Electron spin resonance studies of impurity ions in rutile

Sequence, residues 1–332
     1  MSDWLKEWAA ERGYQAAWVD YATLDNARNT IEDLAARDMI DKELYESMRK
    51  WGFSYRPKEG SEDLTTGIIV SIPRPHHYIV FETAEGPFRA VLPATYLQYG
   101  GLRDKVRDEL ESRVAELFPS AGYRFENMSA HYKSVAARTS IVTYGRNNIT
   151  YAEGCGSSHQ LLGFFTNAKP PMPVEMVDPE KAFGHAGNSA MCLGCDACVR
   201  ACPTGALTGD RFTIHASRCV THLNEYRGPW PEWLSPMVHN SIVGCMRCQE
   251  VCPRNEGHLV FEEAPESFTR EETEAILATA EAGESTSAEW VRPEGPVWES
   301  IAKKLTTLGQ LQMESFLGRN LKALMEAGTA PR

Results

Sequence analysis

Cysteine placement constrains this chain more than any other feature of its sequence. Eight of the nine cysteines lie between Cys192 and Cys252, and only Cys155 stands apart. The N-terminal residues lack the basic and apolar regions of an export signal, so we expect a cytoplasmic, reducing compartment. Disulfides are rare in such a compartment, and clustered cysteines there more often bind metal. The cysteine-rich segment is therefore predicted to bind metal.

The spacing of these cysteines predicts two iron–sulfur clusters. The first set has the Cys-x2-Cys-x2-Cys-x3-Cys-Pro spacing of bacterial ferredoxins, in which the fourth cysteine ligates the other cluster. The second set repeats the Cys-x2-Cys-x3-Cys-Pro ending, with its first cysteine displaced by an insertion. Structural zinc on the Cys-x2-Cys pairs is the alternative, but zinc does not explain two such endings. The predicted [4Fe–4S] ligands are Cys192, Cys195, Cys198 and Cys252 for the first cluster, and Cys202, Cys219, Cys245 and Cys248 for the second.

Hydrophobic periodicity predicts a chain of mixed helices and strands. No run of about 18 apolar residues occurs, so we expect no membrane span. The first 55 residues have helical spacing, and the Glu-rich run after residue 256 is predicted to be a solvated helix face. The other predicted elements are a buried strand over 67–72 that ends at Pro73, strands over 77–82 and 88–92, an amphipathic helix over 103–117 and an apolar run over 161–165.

Electron spin resonance techniques were used to study the photo-electronic behaviour of defect centres in rutile, using both single crystal and powdered samples. Single crystals of rutile were grown by a plasma torch method. Analysis of the boules by several techniques established that they contained, in general, fewer impurities than crystals grown by the conventional Verneuil method. Some boules were deliberately doped during growth with specific impurities. Control of the oxygen content of the plasma enabled the growth of some boules in a completely stoichiometric state, requiring no subsequent oxidation. Some crystals were doped after growth with various transition metal ions, using either evaporation and diffusion or vacuum capsule diffusion techniques. E.S.R. analysis indicated the presence of several impurity ions, notably iron and nickel, in most samples. Low temperature ultra-violet irradiation caused significant changes to the intensities of most spectra, together with the appearance of several new spectra. Isochronal annealing then revealed the temperatures at which thermally stimulated charge transfers occurred, as reflected in changes to e.s.r. spectra. At least twelve different trapping centres were detected, with thermal ionization temperatures between 30 and 400K. Where possible, the ionization energies were determined by measuring variations in the rate of charge transfer with temperature and many of the values were in good agreement with those reported using other techniques. In most cases it was also possible to determine the polarity of the traps, by studying their interaction with other centres. It is thought that many of the shallow electron traps consist of complexes of intrinsic defects, such as interstitial ions or vacancies. with nearby Aluminium ions. Iron and chromium appear to form hole trapping centres with energy levels near the valence band. Nickel, Manganese and Copper are recombination centres with levels near the centre of the band gap. The same e.s.r. methods were applied to samples of rutile pigments and a computer simulation technique was used to aid analysis and interpretation of powder spectra. All the pigment samples exhibited the same u.v.-activated e.s.r. spectrum. Isochronal annealing suggested that it represented a trapped hole and also inferred the existence of several shallow electron traps.